Additionally, the Department is concerned with several provisions included in the bill related to consultation requirements.  H.R. 2440 proposes requirements for Federal agencies to consult with Federally-recognized Indian Tribes and Tribal organizations into statute.  As exemplified by the successful outcomes of the Department's consultative process with the Tribes, the Administration remains strongly committed to consultation with Tribes as provided in Presidential Executive Order 13175.  Furthermore, consultation with Tribes is provided for in the Indian Self-Determination and Education Assistance Act of 1975 (ISDEAA).  We, therefore, recommend striking all language regarding consultation requirements.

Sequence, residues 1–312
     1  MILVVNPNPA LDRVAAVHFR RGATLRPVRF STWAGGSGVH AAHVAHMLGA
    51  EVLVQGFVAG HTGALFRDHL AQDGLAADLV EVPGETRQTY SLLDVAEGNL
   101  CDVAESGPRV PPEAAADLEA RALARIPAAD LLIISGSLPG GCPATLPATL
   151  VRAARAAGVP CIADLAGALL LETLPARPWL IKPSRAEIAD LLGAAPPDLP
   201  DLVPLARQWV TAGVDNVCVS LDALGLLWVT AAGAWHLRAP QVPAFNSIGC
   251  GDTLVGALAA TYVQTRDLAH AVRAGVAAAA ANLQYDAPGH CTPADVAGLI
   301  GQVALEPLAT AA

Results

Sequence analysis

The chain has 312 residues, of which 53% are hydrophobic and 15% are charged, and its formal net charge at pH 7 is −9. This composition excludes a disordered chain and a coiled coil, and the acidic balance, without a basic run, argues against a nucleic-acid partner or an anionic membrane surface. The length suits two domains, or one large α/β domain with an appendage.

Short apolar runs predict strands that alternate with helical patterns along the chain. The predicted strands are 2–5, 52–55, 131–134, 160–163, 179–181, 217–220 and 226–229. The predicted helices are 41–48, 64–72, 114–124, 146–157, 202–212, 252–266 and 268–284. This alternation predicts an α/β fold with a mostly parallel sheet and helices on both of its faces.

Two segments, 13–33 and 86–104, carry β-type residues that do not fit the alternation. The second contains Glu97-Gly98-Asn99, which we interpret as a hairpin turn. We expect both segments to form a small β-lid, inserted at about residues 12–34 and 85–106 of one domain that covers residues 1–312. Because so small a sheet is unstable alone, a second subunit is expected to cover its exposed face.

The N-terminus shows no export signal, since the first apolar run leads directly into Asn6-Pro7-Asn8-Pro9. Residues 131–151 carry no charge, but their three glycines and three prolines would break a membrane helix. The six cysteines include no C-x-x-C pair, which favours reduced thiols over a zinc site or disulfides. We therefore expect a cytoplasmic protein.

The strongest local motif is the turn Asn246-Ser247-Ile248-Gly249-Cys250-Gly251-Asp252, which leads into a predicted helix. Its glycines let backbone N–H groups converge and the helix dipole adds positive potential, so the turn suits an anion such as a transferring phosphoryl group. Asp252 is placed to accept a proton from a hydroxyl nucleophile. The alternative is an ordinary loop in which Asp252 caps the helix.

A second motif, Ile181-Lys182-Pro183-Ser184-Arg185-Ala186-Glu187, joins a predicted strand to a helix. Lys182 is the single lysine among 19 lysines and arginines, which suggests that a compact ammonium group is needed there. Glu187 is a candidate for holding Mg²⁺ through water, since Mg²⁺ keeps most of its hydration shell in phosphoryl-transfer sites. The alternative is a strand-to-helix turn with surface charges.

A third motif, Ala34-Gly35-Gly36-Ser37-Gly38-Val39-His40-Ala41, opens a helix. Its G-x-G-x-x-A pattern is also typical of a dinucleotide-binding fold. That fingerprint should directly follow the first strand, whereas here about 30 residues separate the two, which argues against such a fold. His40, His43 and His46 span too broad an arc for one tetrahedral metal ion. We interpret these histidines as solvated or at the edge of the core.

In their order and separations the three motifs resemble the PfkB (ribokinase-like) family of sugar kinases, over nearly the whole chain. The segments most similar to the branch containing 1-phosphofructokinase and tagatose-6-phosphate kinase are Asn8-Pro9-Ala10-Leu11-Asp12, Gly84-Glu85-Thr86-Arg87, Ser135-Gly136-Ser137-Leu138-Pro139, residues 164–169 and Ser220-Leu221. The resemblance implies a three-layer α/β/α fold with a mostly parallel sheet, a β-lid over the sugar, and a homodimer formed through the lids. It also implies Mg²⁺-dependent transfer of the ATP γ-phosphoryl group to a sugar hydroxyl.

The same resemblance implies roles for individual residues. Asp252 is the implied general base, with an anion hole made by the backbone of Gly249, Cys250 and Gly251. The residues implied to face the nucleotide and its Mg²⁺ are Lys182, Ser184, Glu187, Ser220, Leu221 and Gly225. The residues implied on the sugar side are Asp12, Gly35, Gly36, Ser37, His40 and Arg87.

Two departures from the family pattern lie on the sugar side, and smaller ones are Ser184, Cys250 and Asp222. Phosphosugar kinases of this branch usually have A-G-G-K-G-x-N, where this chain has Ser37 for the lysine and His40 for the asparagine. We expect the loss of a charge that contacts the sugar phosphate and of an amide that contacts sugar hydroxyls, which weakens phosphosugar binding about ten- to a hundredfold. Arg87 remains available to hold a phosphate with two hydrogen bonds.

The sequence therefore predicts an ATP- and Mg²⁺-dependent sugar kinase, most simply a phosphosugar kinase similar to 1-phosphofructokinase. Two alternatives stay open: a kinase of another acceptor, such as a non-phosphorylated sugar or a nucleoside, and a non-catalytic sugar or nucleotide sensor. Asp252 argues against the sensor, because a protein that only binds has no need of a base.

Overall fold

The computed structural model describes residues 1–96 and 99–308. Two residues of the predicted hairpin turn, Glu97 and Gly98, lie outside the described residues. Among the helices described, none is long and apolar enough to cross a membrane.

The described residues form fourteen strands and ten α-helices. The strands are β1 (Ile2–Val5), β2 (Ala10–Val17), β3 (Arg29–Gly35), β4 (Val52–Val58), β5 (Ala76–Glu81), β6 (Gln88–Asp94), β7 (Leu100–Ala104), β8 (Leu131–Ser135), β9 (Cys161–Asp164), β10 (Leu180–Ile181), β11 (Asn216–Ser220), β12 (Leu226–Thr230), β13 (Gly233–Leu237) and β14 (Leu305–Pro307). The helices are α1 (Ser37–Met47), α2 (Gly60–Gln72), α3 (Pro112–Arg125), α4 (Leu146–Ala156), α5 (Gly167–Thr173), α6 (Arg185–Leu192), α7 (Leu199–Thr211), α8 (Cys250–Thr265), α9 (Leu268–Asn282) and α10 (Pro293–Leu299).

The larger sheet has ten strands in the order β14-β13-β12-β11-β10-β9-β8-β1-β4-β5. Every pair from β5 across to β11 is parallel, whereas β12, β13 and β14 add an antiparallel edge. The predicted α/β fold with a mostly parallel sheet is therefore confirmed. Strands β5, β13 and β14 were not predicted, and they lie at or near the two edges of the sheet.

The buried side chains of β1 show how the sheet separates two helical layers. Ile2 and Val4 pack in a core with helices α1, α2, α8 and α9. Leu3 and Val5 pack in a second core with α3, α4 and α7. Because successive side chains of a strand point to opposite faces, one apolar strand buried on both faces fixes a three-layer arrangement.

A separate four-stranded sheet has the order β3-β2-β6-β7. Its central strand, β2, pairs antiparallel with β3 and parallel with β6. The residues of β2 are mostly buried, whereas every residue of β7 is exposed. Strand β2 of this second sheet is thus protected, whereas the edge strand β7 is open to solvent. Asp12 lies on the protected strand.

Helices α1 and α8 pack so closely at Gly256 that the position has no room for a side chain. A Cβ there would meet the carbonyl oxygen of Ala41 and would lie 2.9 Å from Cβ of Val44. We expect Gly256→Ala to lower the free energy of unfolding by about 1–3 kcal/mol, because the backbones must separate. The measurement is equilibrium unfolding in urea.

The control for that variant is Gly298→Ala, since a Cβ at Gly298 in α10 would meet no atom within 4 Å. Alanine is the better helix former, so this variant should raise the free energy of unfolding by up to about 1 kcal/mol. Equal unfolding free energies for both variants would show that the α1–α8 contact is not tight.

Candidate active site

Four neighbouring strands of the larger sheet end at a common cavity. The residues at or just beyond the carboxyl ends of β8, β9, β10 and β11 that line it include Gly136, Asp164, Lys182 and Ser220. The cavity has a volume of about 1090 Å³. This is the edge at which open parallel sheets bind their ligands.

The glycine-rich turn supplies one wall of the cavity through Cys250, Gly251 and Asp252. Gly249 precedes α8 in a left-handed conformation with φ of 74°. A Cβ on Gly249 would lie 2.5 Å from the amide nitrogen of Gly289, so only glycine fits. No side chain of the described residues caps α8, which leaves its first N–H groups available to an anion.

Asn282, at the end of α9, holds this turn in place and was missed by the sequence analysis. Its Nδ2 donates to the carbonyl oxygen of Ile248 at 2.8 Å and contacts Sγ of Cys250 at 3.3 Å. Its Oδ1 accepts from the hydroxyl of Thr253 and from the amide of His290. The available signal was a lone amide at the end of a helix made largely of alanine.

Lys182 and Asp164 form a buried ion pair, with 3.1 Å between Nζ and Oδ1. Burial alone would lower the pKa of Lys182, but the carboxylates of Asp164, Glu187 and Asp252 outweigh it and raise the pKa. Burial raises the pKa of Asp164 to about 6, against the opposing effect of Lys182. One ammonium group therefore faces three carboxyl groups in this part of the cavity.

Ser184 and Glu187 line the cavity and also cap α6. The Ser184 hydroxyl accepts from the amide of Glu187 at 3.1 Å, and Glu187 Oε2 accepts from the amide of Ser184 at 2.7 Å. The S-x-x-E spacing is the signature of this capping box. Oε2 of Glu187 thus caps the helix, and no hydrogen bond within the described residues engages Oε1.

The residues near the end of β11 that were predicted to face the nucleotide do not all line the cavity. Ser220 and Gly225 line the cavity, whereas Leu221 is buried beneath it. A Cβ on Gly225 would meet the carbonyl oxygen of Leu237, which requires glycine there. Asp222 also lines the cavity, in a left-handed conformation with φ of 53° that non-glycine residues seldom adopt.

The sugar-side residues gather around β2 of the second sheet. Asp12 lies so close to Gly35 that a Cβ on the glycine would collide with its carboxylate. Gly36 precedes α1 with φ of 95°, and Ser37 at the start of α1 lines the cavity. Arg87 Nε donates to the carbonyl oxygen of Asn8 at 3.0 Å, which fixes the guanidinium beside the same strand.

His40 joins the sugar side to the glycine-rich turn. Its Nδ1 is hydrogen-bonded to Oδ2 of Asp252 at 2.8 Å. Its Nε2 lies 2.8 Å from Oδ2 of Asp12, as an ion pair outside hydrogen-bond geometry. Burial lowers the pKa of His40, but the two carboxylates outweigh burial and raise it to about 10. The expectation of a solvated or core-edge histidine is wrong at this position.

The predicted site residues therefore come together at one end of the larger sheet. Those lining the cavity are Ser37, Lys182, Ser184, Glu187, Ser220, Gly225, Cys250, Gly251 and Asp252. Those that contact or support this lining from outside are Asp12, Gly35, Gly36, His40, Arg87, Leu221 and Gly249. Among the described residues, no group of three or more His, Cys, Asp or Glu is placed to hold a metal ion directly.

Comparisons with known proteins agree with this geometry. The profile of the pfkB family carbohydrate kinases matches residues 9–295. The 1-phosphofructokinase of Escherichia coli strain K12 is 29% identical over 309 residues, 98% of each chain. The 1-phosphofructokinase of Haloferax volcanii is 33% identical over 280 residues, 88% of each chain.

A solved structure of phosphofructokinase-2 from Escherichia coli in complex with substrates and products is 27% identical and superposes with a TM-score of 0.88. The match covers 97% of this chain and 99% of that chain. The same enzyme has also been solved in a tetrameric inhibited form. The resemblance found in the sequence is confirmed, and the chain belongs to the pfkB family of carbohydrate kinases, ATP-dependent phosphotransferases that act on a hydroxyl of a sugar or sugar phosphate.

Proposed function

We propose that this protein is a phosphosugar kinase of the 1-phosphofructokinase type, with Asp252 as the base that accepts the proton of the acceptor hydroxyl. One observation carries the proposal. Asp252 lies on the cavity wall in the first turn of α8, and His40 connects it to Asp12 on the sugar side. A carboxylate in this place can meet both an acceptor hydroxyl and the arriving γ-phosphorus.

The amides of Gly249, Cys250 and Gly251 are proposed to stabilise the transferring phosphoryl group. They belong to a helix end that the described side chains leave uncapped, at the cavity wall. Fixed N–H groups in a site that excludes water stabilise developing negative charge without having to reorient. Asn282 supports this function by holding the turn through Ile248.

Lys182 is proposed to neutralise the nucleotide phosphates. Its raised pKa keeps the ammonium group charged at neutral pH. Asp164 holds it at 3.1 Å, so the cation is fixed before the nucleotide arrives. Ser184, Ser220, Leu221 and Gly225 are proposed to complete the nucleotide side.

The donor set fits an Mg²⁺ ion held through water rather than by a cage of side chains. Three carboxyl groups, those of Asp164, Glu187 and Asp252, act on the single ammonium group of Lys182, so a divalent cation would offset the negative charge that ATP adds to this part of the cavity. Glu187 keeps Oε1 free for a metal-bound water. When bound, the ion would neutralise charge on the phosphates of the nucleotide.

I reiterate our strong commitment to reauthorization and improvement of Indian health care programs, and I hope to work with this Committee and other Committees of the Congress, the National Tribal Steering Committee, and other representatives of Indian country to develop a bill that all stakeholders in these important programs can support.  To this end, my staff will be communicating with your staff in the near future to share additional comments and suggestions regarding reauthorization.

Last Revised: July 26, 2004